Mod 1: My Story – Max

I first met my husband, Max, when we were seventh graders. Three years later, when we were sophomores in high school, we dated for six months. On the one hand, we connected amazingly—it was one of those relationships where we could talk for three hours straight and not even notice the time. He had issues with his stepmother and leaned on me heavily for support and sympathy, which made me feel needed.

On the other hand, he was not physical towards me as I expected a boy would be, and he was also not especially interested in meeting my emotional needs. He could be very moody: happy and kind one minute, mean and nasty the next. Nevertheless, I really wanted to be with him, and anticipated a summer of fun together.

That wasn’t what happened. He went the entire three months without calling me. By the time school started again, his insensitivity had brought me enough pain that my sadness and worry turned to anger. Oblivious to my suffering, Max thought we could continue our relationship, but I broke up with him.

Sadly, I didn’t hold that thought.

We rekindled our friendship when we both went to college and got involved with the same campus church. We were inseparable best friends, but again he didn’t act like a boyfriend in certain key ways and could be really crabby to me when he felt like it. After a semester I gave up and took up another boy on his interest in dating me. Frankly, this new guy unnerved me a little. He was (as we say nowadays—this was 1975) so into me. He wanted to give me gifts and to make out with me and to tell me I was wonderful. This treatment—this attention and affection—was not anything I was used to at all.

No sooner did Max hear the news of my boyfriend than he gave me a letter confessing his undying love. And of course I dropped the new guy and went rushing back to Max.

We dated for the rest of college and married after I graduated a year early. The funny thing about our engagement was that the decision came down either marrying or breaking up. This determination was to be based on “God’s will.” It was Max who determined God’s opinion and let me know by proposing.

Fast forward six years—no, wait—let’s just note that these intervening years got progressively harder. While I was putting him through seminary, Max had a problem with going to adult book stores and one time picked up a couple STDs, and also infected me. While I was pregnant. He also remained intermittently cranky—or call a spade a spade: cruel—towards me. He could be petty, critical, resentful, and was always unsympathetic. He did not tolerate being opposed.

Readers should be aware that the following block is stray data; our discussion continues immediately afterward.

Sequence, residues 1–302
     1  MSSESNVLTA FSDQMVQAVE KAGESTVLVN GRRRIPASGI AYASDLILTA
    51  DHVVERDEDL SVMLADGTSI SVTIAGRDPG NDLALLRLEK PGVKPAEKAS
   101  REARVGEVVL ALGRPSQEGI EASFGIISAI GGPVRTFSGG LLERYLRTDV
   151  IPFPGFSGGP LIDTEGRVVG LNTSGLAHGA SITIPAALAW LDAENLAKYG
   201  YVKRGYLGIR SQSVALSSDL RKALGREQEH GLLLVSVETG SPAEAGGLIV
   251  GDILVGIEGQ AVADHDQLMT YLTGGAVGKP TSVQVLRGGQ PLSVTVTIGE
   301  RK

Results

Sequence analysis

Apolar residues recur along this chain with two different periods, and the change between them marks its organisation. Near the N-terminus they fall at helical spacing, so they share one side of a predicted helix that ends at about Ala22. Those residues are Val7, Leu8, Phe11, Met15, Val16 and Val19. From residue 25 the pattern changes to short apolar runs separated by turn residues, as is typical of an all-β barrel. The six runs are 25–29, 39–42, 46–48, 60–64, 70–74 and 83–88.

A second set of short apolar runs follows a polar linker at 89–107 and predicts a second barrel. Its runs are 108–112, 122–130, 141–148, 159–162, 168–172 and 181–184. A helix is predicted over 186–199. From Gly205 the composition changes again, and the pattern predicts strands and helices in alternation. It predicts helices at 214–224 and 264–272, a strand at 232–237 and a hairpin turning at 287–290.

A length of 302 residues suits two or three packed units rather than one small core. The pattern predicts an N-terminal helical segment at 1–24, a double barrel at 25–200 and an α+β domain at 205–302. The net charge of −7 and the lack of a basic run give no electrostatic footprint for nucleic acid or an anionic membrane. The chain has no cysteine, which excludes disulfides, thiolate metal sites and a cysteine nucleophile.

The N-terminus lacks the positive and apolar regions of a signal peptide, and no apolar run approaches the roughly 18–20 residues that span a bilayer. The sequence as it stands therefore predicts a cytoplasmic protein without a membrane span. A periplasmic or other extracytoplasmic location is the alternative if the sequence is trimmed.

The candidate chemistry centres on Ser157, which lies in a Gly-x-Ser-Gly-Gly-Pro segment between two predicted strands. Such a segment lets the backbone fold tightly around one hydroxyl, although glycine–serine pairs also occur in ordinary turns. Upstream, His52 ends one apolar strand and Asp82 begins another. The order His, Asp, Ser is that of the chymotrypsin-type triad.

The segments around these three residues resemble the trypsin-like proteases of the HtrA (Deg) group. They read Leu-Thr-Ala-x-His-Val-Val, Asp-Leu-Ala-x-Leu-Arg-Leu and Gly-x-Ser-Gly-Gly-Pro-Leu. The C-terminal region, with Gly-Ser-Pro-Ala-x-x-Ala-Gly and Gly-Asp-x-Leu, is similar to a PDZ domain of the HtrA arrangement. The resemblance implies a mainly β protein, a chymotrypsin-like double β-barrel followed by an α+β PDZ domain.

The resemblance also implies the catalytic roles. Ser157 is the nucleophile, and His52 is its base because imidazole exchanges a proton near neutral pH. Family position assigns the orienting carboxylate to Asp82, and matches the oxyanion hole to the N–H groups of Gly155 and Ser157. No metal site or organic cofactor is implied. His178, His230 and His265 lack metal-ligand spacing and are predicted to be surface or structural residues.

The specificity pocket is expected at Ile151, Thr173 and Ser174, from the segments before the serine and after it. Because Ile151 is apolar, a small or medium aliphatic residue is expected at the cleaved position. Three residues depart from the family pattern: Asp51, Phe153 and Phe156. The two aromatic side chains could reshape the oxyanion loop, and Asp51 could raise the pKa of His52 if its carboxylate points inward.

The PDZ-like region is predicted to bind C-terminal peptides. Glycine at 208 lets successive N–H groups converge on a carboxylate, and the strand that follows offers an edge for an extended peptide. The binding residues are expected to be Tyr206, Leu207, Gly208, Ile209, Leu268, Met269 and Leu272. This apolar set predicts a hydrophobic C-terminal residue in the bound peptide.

Okay, it’s 1983. Our first parish was in a rural area, seven hours away from our hometown. We had a second baby on the way. I stayed at home, seven miles from the nearest town, with no job or friends or family, not even a car. Max was always working at the church or out on calls. Life was very lonely, but I loved my daughter and was very happy about the second child to come.

One night Max made a confession to me. He was devastated because, well, he was in love with a guy—yes, a guy—who had just dumped him. He knew I would understand and he needed help and support. And believe it or not, I gave it to him. The fact that he was gay but was married to me made me feel very bad for him. The fact that his first great love had broken it off made me pity him. Did I think for a moment that this event was grounds for me to break my wedding vows before God? Absolutely not. Did I consider for a nanosecond how doomed to misery I myself was? Well, it certainly crossed my mind but I shoved that fact aside to remain ignored.

Was I codependent?

No duh.

I gave birth to our second daughter. We got transferred to a suburban parish, where I actually made some friends. I built my life around my girls. And I stayed married to Max ten years after he made that confession. During that time he continued to lead his double life as a conservative pastor and a gay man who had countless sexual encounters, drank a ton and did drugs, and drove us into hopeless debt buying things like designer clothes and a sports car. He continued to be cruel to me, demanding that his home and life be the exactly the way he wanted them, having no pity or concern for my feelings.

By 1992 Max had left the ministry (too stressful for him…) and decided we should move back to our hometown. It didn’t take him long after the move to determine, on the advice of a counselor he saw alone (I assume he was telling the truth that there was a counselor, but maybe not) that we should divorce. The night he told me this I wept as we lay together in our bed. My whole life was turned upside down! What would I do now?

You may ask if I still felt that way the next day. Well, not so much….

You may also ask,

“Why on earth did you put up with that for most of 20 years?”

For the answer, read on to the story of my dad….

Copyright © Lucy Rising